Q. How do you give back to the community both in agriculture and in the community where your operation is based?
I think it’s important. Here in Bakersfield, we have so many farm workers that are in here for three to four months and working during harvest, whether it’s in almonds or pistachios or in grapes or in all the different row crops we grow here.
They’re here for a while, and they have a job and then they don’t. I think it’s important that we give back to our community, so in 2013, my wife and I started Morning Star Fresh Food ministry. It’s a ministry where we get meat from local butchers, fresh fruits and vegetables from local growers, and we deliver it to needy families with the love and hope of Jesus. I believe every person has the right to eat healthy food, not just people that can afford it. That has been one of our goals to make sure we have healthy, nutritious food, and we use that to get into the door so that we can then show the love and hope that Jesus would bring.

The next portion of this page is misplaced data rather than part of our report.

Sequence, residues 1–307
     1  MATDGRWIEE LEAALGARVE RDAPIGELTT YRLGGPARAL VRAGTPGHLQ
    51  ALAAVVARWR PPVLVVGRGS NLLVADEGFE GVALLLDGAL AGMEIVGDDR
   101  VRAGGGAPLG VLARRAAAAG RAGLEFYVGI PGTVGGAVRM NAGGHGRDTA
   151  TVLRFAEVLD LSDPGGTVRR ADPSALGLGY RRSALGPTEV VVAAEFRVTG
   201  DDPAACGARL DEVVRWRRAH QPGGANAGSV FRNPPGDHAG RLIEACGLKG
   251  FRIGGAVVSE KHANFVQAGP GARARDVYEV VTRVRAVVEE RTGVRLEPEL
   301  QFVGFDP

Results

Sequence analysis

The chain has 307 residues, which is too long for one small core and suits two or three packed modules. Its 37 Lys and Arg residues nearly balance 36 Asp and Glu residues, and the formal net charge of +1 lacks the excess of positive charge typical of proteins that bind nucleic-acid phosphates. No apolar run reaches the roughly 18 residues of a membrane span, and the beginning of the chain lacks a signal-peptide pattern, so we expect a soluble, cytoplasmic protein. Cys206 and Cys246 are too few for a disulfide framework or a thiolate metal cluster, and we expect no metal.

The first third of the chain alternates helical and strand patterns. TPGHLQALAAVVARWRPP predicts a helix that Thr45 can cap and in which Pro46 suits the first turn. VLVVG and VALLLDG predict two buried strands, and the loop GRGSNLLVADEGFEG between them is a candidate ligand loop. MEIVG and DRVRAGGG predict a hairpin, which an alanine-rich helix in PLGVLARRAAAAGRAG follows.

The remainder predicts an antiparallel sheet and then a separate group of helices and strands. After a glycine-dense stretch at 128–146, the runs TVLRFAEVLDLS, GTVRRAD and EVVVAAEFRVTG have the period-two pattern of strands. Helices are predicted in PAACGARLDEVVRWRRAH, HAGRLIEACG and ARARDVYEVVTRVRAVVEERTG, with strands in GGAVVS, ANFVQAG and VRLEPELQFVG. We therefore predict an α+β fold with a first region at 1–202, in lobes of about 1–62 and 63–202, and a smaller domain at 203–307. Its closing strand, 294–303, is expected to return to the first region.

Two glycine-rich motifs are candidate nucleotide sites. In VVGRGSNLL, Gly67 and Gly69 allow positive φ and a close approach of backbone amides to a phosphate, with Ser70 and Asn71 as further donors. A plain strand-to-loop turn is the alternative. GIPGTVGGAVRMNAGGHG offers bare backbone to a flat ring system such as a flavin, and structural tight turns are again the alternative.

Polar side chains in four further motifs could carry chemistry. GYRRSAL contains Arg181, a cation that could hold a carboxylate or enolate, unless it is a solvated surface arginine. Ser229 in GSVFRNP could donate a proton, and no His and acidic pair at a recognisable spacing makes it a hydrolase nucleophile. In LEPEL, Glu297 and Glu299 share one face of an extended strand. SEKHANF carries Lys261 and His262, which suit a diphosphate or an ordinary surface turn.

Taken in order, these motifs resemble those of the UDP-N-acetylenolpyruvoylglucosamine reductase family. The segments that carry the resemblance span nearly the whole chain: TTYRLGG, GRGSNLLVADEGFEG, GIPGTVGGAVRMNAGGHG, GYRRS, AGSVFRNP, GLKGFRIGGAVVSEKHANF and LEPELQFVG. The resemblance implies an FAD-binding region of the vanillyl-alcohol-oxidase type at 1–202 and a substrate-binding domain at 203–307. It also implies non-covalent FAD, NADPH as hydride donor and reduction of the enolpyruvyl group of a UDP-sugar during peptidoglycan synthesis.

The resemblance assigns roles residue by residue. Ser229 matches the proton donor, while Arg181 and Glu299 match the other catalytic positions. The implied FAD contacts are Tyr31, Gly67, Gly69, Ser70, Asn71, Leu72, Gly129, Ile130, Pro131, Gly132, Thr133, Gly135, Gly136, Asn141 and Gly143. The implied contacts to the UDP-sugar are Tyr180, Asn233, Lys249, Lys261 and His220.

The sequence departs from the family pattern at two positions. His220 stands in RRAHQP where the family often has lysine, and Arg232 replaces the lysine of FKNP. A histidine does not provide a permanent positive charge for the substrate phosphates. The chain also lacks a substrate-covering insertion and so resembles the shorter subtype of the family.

It has really been a passion of mine to do that, and with my background in the produce industry and now in almonds, I just know so many different growers that are so generous that it’s no big deal for them to give me a pallet of grapes or give me 40 boxes of potatoes or a 1,500 pound of yams. That’s not something that’s rejected, it’s not something that I’m picking up that had been there for three weeks. This is stuff I’m picking right up from the shipping docks of these produce houses. It’s fresh and it’s healthy and it’s nutritious.